Report reveals employers at risk of losing staff if 'diversity in cultures and backgrounds are not respected'
Employees think that their bosses are not committed enough to Diversity, Equity, and Inclusion (DE&I) efforts, according to a new report, and this could put employee retention at risk.
A new report from HR consulting company Buck revealed that 32% of employees believe their companies lack diverse benefits, a figure that was higher for Black (35%) and female employees (35%).
These results could mean that a lot of employers are at risk of losing staff, as the report also said there is "direct correlation between employees and their likelihood to want to leave the organisation if they think diversity in cultures and backgrounds are not respected." This includes if they think their companies are not committed to DE&I, or if their company does not provide offerings for a diverse workforce. What’s more, younger employees are more likely to be interested in DE&I efforts compared to older staff. In fact, 60% of millennials expect their employers to demonstrate commitment to DE&I.
"Employer benefit offerings — including voluntary benefits — play a central role in supporting wellbeing, and the perception among employees of their company’s commitment to supporting an inclusive workplace culture," said Tom Kelly, a Principal in Buck’s Health practice and co-author of the report.
"Our findings show that DE&I is an important metric for employees, in addition to a comprehensive benefits plan, and support for holistic wellbeing for themselves and their dependents."
Read more: Only 34% of companies have enough resources to support DEI initiatives
In terms of comprehensive benefits, it is also critical for employers to understand the needs of their staff in order to retain them. But what exactly do employees want? The report revealed that 72% of employees want more work-life balance resources. But by ethnicity, Black (76%), Asian (78%), and Hispanic or Latino employees (78%) said they want more support.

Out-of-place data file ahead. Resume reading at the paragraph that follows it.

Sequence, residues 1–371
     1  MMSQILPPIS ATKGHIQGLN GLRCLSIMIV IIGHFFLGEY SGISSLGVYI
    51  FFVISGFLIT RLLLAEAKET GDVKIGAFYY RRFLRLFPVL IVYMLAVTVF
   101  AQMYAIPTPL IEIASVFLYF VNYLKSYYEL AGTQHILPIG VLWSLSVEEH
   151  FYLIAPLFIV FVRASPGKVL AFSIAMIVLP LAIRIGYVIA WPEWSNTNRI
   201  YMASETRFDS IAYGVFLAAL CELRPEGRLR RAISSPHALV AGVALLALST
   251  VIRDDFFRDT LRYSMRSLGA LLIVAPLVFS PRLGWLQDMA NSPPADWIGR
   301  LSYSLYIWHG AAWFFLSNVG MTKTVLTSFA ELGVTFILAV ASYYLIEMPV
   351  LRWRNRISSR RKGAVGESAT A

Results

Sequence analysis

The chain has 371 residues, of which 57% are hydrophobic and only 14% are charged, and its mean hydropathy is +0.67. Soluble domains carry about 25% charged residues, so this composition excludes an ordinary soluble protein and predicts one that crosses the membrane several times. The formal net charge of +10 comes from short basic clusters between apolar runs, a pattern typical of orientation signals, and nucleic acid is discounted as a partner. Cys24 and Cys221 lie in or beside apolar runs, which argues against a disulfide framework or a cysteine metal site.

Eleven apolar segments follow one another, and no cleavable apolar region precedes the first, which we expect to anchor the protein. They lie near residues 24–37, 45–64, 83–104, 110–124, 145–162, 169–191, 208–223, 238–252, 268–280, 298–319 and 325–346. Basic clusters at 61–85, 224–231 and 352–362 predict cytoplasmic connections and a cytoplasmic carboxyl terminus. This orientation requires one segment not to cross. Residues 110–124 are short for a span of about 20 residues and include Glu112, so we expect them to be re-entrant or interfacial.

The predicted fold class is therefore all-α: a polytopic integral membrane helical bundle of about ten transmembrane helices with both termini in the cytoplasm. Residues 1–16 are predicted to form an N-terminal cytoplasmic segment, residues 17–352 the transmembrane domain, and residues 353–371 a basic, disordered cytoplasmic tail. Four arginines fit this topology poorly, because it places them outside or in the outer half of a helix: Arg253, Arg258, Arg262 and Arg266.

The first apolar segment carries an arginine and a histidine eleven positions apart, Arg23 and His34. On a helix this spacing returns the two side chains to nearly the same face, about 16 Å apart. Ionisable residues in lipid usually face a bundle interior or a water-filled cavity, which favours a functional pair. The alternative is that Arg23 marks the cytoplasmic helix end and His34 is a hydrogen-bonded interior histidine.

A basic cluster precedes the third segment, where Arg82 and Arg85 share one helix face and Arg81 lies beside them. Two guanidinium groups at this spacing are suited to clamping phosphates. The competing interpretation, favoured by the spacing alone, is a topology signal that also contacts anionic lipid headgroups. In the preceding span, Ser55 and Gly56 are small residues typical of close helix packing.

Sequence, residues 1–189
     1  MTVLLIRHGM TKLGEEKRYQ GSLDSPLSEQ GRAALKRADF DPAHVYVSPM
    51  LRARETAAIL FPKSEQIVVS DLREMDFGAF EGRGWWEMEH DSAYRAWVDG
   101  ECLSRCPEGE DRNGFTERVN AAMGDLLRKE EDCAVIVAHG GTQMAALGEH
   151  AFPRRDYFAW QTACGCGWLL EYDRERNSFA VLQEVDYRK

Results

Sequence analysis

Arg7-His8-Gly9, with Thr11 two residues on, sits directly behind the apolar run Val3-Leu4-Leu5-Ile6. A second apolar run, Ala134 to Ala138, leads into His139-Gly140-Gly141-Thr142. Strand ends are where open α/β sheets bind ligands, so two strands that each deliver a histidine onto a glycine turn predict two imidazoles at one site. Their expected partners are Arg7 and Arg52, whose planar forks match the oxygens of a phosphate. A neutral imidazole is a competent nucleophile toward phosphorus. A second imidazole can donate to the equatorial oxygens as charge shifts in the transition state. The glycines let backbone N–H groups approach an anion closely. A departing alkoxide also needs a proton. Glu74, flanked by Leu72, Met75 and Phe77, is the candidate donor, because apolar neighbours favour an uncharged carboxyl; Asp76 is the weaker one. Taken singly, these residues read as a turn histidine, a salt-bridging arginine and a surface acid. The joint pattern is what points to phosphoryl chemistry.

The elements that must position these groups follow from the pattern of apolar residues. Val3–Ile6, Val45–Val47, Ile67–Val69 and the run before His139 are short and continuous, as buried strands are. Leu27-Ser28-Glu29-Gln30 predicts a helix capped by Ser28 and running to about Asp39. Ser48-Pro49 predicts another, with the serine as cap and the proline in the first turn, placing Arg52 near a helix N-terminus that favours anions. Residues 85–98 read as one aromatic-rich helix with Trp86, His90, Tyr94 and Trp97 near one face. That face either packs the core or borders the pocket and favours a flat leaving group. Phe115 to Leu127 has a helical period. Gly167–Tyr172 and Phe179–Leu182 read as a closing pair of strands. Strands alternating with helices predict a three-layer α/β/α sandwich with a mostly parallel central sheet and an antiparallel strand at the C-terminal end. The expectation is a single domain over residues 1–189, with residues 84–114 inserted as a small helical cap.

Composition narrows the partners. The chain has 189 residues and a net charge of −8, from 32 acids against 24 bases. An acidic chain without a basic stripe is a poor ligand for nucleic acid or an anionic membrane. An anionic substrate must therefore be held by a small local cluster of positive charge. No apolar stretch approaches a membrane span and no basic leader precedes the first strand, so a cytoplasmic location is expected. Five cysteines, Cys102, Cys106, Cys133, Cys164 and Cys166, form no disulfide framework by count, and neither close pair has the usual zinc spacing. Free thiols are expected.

With 54% of employees living paycheck-to-paycheck, financial wellbeing is also a top priority for employees. This is much higher for Black employees (66%), followed by Hispanic or Latino staff (56%), and other or native American workers (60%).
Among millennials, 55% said they would change jobs for better benefits and with they had a better understanding of their benefits, a number that is much higher than the 15% of boomers.
Ruth Hunt, a Principal in the Engagement practice and co-author of the report, said employers have to understand their workers and develop appropriate benefit packages to address their demands.
"The challenge for employers is to really understand the needs of the workforce, and then to develop a benefit package that includes appropriate voluntary options that meaningfully address their physical, emotional, social, and financial needs," said Hunt in a statement.
"The survey findings show that recruiting and retaining talent will be significantly more challenging if employers don't continue to take meaningful steps to offer benefits that support the diverse needs of a diverse workforce."